A 24-19 loss to the lowly Broncos is the final proof anybody needs about who the Browns are this season. A spring and summer filled with promise, quotes, magazine covers and grand prognostications died in the altitude on Sunday, with Cleveland falling to 2-6. Even in the mediocre AFC, the Browns are buried.
This mess is shared by many. General manager John Dorsey believed he built a contender but the offensive line has proven a massive Achilles heel. Dorsey and owner Jimmy Haslam also compromised on hiring Freddie Kitchens as head coach, a disastrous decision if there ever was one. Tough to see Kitchens being retained at this juncture.
Quarterback Baker Mayfield hasn’t helped matters. He’s talked and talked but done little between the lines. Six touchdown passes and 12 interceptions despite Odell Beckham Jr. and Jarvis Landry on the outside. Speaking of whom, the duo needed a reprimand on their fashion choices in the Denver debacle. Not a great look when the team is cratering.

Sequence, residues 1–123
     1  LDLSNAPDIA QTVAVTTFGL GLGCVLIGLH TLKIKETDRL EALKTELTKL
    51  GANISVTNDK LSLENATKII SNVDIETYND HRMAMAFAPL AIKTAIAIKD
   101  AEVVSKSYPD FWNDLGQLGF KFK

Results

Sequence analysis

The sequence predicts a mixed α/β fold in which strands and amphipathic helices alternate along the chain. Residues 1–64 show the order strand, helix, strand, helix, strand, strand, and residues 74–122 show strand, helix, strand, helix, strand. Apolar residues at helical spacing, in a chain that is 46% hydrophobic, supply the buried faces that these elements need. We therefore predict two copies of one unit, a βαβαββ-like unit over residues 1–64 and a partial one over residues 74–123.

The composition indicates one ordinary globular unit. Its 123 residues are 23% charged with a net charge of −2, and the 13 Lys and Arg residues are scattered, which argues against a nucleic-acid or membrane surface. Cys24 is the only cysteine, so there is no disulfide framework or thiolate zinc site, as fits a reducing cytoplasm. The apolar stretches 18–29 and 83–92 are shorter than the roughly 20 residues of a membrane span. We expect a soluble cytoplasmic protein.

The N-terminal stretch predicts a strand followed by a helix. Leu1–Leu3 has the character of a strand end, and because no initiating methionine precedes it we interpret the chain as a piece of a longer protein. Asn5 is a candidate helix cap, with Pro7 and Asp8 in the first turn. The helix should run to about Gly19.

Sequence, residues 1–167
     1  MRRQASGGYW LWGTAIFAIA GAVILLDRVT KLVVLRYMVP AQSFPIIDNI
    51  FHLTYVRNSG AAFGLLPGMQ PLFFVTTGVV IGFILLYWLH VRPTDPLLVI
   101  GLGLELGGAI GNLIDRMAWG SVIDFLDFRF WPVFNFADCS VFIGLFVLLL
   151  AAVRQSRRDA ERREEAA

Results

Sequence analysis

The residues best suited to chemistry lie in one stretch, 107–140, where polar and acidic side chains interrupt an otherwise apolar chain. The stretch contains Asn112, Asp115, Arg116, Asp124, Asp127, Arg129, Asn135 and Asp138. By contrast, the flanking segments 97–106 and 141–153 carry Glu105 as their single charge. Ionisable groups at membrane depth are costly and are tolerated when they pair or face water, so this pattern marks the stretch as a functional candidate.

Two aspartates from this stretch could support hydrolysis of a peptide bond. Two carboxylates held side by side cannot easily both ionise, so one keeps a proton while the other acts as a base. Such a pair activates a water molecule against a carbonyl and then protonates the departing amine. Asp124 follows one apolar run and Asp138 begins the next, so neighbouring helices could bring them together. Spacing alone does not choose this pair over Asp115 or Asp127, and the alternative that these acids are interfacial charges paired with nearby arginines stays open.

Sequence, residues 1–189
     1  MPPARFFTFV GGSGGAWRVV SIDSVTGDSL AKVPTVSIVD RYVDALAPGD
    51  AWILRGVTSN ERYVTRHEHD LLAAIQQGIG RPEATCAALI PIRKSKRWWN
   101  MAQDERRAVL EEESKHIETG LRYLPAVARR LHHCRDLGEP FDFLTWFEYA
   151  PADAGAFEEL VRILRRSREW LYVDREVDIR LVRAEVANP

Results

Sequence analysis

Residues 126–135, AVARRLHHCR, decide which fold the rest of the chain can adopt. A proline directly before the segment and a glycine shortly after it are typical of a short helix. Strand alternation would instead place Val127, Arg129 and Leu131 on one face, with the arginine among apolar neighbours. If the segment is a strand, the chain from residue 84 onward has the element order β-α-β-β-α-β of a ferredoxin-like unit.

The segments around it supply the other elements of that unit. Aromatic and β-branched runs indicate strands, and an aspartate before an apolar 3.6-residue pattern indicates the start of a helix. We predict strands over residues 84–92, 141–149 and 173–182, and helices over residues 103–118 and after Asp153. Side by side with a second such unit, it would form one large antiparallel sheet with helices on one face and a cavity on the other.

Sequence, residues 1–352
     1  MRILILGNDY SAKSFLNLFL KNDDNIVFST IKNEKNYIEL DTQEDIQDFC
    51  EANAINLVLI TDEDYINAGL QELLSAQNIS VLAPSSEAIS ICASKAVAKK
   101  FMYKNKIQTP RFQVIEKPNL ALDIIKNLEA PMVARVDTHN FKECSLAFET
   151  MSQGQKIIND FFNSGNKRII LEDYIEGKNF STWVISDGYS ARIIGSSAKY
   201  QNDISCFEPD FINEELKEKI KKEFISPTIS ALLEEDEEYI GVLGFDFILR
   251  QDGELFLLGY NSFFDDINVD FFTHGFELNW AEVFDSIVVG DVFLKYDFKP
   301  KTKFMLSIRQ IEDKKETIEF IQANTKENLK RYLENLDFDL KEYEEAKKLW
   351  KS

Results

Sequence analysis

It’s been a collective failure. At 2-6, they all need to own it.
3. Wilson has another great day, continuing an MVP-caliber season
Twenty-two touchdown passes. One interception. Russell Wilson is playing amazing football.
Wilson often gets forgotten when discussing the NFL’s best quarterbacks. We chat about Patrick Mahomes and Aaron Rodgers, Tom Brady and Drew Brees. Wilson is every bit as good.
On Sunday, Wilson tossed five touchdown passes in a 40-34 overtime triumph over Tampa Bay.
The Seattle Seahawks are 7-2, largely due to Wilson’s brilliance both within and outside the pocket. Wilson has made due with Tyler Lockett and second-round rookie D.K. Metcalf, along with a conservative playcaller in offensive coordinator Brian Schottenheimer. There are other worthy candidates such as Deshaun Watson, Rodgers and Christian McCaffrey. Still, Wilson has taken firm control of the MVP race through nine weeks.
Rookie of the Year. Six-time Pro Bowler. Super Bowl champion. Wilson has a chance to add the ultimate individual hardware to his trophy case this year.
4. Chargers-Raiders TNF battle suddenly packed with intrigue
Thursday night football is usually a snoozer. Not this time.
The Los Angeles Chargers and Oakland Raiders both won on Sunday, moving to 4-5 and 4-4, respectively. Neither is a powerhouse, but both could make second-half runs in an attempt to shake up the AFC playoff race (more on that below).
For Oakland, this is its final home divisional game at the Coliseum. After this? Games against the Bengals and Jets. In all likelihood, the Raiders would be 7-4 with a win before visiting the Chiefs at Arrowhead.